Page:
Below is a short list of organizations around the DC area that offer a variety of health services tailored to the LGBTQ community. This is by no means an exhaustive list. The DC Mayor’s Office of LGBTQ Affairs has a more comprehensive list that may be found here: District Wide LGBTQ Resource Guide.
The DC Center educates, empowers, celebrates and connects the lesbian, gay, bisexual and transgender communities. They focus on four core areas: health and wellness, arts and culture, social and supportive services and advocacy and community building. They offer a variety of programs, but also have programs tailored to harm reduction support groups for substance abuse and tobacco cessation programs.
Our mission is to be the highest quality, culturally competent community health center serving greater Washington’s diverse urban community, including individuals who face barriers to accessing care, and with a special expertise in Lesbian, Gay, Bisexual, Transgender, and Queer (LGBTQ) and HIV care.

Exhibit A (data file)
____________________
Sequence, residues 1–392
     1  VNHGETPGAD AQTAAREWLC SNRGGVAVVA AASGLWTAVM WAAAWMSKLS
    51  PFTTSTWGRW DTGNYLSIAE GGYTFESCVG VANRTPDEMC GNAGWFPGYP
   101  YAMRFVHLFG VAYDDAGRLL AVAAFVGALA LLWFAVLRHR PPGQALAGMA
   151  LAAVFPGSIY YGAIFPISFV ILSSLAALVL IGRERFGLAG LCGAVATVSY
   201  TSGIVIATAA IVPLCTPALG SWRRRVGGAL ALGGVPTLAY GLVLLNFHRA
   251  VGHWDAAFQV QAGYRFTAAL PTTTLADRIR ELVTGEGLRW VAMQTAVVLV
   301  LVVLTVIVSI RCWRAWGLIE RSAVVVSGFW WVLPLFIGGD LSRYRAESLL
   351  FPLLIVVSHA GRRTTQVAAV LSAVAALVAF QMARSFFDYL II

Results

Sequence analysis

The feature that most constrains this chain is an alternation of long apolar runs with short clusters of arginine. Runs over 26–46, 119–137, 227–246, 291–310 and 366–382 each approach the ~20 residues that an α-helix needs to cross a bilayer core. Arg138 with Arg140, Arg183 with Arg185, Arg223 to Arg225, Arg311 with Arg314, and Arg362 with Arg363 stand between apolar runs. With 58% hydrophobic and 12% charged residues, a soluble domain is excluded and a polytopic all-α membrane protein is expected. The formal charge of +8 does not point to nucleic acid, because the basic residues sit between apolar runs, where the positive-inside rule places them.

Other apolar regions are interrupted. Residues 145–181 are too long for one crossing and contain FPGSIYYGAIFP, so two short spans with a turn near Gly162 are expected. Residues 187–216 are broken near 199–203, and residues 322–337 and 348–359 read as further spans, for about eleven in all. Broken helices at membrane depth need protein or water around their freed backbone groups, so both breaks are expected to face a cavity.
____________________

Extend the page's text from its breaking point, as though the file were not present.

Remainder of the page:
DC Health promotes health, wellness and equity, across the District, and protects the safety of residents, visitors and those doing business in our nation’s Capital.
Their responsibilities include identifying health risks; educating the public; preventing and controlling diseases, injuries and exposure to environmental hazards; promoting effective community collaborations; and optimizing equitable access to community resources.
Incorporated in 1988, UHU is a community-based AIDS organization dedicated to reducing HIV infection in the Black community in the District of Columbia and the metropolitan area. Their programs and services include: HIV Counseling; Testing; STI (Sexually transmitted infections) screenings; Behavioral Health Services; Case Management; Support Groups; and HIV Risk Reduction Interventions. We specialize in programs for black gay and same gender loving men.
The Women’s Collective meets the needs of low-income women, girls and families living with/or at risk for HIV/AIDS and other STDs by addressing the social determinants of health and health disparities they face, reducing barriers to care and services, strengthening networks of support in order to improve health outcomes and quality of life over their lifespan.